White hat hackers gained access more than 150,000 surveillance cameras

White hat hackers gained access more than 150,000 surveillance cameras

A group of hackers claimed to have compromised more than 150,000 surveillance cameras at banks, jails, schools, and prominent companies like Tesla and Equinox.

A group of US hackers claimed to have gained access to footage from 150,000 security cameras at banks, jails, schools, healthcare clinics, and prominent organizations. The news was first reported by Bloomberg News who reported its to Verkada.

Hackers also posted images captured from the hacked surveillance video on Twitter with an #OperationPanopticon hashtag.

The hacker also published a series of images as proof of the hack, some of them show that they have gained root shell access to the surveillance cameras used by Telsa and Cloudflare.

Cloudflare shell
Tillie Kottmann’s Tweet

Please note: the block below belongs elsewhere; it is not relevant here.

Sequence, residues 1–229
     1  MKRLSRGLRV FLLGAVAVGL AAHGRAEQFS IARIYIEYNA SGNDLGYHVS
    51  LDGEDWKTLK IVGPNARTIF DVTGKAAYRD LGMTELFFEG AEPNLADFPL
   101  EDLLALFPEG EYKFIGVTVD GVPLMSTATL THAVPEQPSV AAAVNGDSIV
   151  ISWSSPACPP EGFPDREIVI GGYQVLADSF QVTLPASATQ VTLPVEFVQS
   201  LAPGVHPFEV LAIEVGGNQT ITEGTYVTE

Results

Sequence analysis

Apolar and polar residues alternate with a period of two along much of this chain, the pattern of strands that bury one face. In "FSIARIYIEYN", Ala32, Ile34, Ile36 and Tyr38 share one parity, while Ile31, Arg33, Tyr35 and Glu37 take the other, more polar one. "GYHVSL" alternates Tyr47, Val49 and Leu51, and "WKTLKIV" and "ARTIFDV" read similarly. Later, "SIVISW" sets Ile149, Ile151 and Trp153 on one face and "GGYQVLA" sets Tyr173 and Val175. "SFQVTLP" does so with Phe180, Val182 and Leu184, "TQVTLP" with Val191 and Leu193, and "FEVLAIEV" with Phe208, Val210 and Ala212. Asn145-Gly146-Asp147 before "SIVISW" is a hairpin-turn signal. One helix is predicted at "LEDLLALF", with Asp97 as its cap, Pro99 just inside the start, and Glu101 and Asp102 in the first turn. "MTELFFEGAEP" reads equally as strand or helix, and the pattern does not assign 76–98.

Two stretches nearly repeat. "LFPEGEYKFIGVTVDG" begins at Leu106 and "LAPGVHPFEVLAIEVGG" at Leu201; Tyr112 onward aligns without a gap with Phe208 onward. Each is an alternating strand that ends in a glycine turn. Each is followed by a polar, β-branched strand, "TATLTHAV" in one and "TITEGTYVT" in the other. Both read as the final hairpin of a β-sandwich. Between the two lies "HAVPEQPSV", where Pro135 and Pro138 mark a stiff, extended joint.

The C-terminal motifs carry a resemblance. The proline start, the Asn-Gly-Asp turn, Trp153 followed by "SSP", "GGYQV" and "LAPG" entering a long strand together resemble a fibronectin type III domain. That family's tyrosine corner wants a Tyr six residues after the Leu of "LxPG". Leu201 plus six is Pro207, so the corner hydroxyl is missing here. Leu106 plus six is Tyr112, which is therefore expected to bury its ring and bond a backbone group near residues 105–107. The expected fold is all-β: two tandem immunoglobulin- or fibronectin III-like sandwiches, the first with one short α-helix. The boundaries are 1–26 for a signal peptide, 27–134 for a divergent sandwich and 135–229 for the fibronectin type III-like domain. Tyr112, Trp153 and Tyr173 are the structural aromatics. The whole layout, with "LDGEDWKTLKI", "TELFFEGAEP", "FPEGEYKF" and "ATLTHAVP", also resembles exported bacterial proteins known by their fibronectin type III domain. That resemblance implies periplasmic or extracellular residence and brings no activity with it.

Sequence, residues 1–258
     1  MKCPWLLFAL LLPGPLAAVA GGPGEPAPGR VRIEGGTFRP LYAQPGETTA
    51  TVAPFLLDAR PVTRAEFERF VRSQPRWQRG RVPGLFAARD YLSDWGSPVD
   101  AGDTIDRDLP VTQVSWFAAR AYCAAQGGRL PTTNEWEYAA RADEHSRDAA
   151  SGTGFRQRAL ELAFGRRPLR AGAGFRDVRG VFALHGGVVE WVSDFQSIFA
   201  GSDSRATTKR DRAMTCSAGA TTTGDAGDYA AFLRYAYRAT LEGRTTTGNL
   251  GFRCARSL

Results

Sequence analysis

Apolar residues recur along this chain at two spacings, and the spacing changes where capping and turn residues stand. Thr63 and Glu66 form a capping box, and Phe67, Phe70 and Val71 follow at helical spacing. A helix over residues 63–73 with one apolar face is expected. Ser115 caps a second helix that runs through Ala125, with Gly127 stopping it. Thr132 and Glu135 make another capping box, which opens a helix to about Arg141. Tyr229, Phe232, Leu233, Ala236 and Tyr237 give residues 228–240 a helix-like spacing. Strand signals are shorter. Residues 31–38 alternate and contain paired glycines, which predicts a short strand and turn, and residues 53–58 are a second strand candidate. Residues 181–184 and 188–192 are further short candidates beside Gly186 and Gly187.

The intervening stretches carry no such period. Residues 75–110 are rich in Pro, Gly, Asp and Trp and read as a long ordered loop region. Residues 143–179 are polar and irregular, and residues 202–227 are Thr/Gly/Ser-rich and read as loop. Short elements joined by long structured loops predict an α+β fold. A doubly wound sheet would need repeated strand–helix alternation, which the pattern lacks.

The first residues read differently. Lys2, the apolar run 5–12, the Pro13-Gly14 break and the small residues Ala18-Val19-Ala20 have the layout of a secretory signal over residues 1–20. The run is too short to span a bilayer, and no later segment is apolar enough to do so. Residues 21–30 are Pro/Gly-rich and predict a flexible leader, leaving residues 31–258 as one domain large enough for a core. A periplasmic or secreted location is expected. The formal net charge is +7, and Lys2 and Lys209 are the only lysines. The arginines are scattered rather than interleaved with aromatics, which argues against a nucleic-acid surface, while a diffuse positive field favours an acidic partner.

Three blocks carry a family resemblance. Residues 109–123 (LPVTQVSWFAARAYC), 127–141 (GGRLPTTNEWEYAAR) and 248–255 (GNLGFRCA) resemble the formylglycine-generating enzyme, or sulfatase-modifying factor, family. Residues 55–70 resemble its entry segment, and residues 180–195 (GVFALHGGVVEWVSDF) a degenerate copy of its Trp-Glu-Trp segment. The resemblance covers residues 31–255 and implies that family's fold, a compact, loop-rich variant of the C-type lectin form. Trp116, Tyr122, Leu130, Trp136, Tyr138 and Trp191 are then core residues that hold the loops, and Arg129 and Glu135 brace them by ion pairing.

One of the members of the group, Tillie Kottmann, revealed that they have gained access to these surveillance cameras using a super admin account for the surveillance company Verkada.

According to BleepingComputer, Kottmann has performed reverse engineering of the firmware used by Verkada and discovered hardcoded credentials for a super admin account.

Once Verkada became aware of the hack, it has disabled all internal administrator accounts to prevent any unauthorised access.

“We have disabled all internal administrator accounts to prevent any unauthorised access.” a Verkada spokesperson told the BBC. “Our internal security team and external security firm are investigating the scale and scope of this issue, and we have notified law enforcement.”

“This afternoon we were alerted that the Verkada security camera system that monitors main entry points and main thoroughfares in a handful of Cloudflare offices may have been compromised.” Cloudflare spokesperson told the BBC:

“The cameras were located in a handful of offices that have been officially closed for several months.”

When asked about the motivation behind the hack, Kottmann explained that the reasons were, “lots of curiosity, fighting for freedom of information and against intellectual property, a huge dose of anti-capitalism, a hint of anarchism – and it’s also just too much fun not to do it”.

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Pierluigi Paganini

(SecurityAffairs – hacking, surveillance cameras)




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